Mustafa Al Bassam co-founded the sharded blockchain startup ChainSpace in 2018, which was acquired by Facebook in 2019. He is completing his PhD on Blockchain Scaling at the University College London.
Maximizing Light Client Security and Scaling Blockchains with Dishonest Majorities
During Bitcoin Wednesday’s CoinFest Edition on 3 April, 2019, Security Researcher Mustafa Al-Bassam from University College London will present a new proof system to guarantee that blockchain data is available and valid. The system is a key to enabling on-chain scaling of blockchains (e.g. via sharding or bigger blocks).
Light clients, for example, wallets that depend on Simple Payment Verification (SPV), are nodes that only download a small amount of data from a blockchain. They indirectly verify that a given blockchain is valid. Instead of validating block data themselves, they assume that the chain favored by the blockchain’s consensus algorithm only contains valid blocks and count on the majority of block producers being honest.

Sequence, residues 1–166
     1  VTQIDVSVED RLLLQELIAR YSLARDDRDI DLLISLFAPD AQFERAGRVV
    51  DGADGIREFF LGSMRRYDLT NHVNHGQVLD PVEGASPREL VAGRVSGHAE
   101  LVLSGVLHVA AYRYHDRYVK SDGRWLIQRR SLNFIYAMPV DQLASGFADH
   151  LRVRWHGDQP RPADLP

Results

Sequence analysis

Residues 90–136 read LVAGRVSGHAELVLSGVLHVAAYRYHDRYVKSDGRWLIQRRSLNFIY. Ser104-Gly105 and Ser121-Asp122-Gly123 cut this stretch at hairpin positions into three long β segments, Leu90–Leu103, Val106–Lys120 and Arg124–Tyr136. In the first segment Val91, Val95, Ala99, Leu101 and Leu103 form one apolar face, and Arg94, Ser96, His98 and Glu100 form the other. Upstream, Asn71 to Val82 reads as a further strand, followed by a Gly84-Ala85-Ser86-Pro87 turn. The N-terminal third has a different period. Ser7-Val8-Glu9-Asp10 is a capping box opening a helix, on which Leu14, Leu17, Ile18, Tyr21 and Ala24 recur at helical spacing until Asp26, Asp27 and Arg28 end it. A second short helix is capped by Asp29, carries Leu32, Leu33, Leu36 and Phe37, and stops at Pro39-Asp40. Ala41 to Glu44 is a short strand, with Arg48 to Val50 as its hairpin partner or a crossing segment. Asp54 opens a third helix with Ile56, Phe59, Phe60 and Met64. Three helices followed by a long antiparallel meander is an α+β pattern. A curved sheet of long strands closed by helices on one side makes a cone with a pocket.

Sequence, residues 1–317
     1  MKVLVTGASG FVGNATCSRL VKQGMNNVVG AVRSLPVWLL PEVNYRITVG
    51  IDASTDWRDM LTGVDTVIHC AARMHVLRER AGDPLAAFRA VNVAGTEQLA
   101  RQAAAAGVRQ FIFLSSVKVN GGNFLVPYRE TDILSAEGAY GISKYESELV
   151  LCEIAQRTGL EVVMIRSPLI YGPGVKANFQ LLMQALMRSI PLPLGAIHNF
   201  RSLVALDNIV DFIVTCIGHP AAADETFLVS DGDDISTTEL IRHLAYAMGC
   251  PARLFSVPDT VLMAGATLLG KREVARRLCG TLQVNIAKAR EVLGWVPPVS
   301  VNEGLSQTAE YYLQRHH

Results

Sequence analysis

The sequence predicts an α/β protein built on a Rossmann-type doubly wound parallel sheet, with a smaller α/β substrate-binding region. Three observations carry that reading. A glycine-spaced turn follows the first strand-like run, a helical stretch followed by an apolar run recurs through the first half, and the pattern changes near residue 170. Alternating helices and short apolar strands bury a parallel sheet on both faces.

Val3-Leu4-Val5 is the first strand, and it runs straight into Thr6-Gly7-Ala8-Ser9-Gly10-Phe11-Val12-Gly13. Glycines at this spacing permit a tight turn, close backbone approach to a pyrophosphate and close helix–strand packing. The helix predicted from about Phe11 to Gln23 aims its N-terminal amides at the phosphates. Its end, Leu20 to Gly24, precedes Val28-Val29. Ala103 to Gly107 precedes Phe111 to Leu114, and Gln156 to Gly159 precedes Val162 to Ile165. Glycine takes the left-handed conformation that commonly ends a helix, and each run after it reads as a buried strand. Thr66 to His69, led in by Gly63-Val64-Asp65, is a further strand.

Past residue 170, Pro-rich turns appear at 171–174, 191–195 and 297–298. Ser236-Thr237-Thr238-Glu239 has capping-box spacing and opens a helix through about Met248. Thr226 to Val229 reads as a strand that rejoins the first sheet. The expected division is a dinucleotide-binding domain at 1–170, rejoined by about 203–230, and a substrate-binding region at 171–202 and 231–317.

During his talk at Bitcoin Wednesday Mustafa will present, implement and evaluate a new proof system that eliminates this honest majority assumption. The system allows SPV clients to receive fraud proofs generated by fully validating nodes that can show when a block violates protocol rules. When this technique is combined with probabilistic sampling that verifies that all data in a block is available for download, we can substitute the honest majority assumption with weaker assumptions about the minimum number of honest nodes that rebroadcast data.
Mustafa co-founded the sharded blockchain startup ChainSpace in 2018, which was acquired by Facebook in 2019. He is a Security Researcher working on his PhD at the Information Security Research Group of the Department of Computer Science at University College London. His work focuses on the intersection between peer-to-peer systems, distributed ledgers and information security.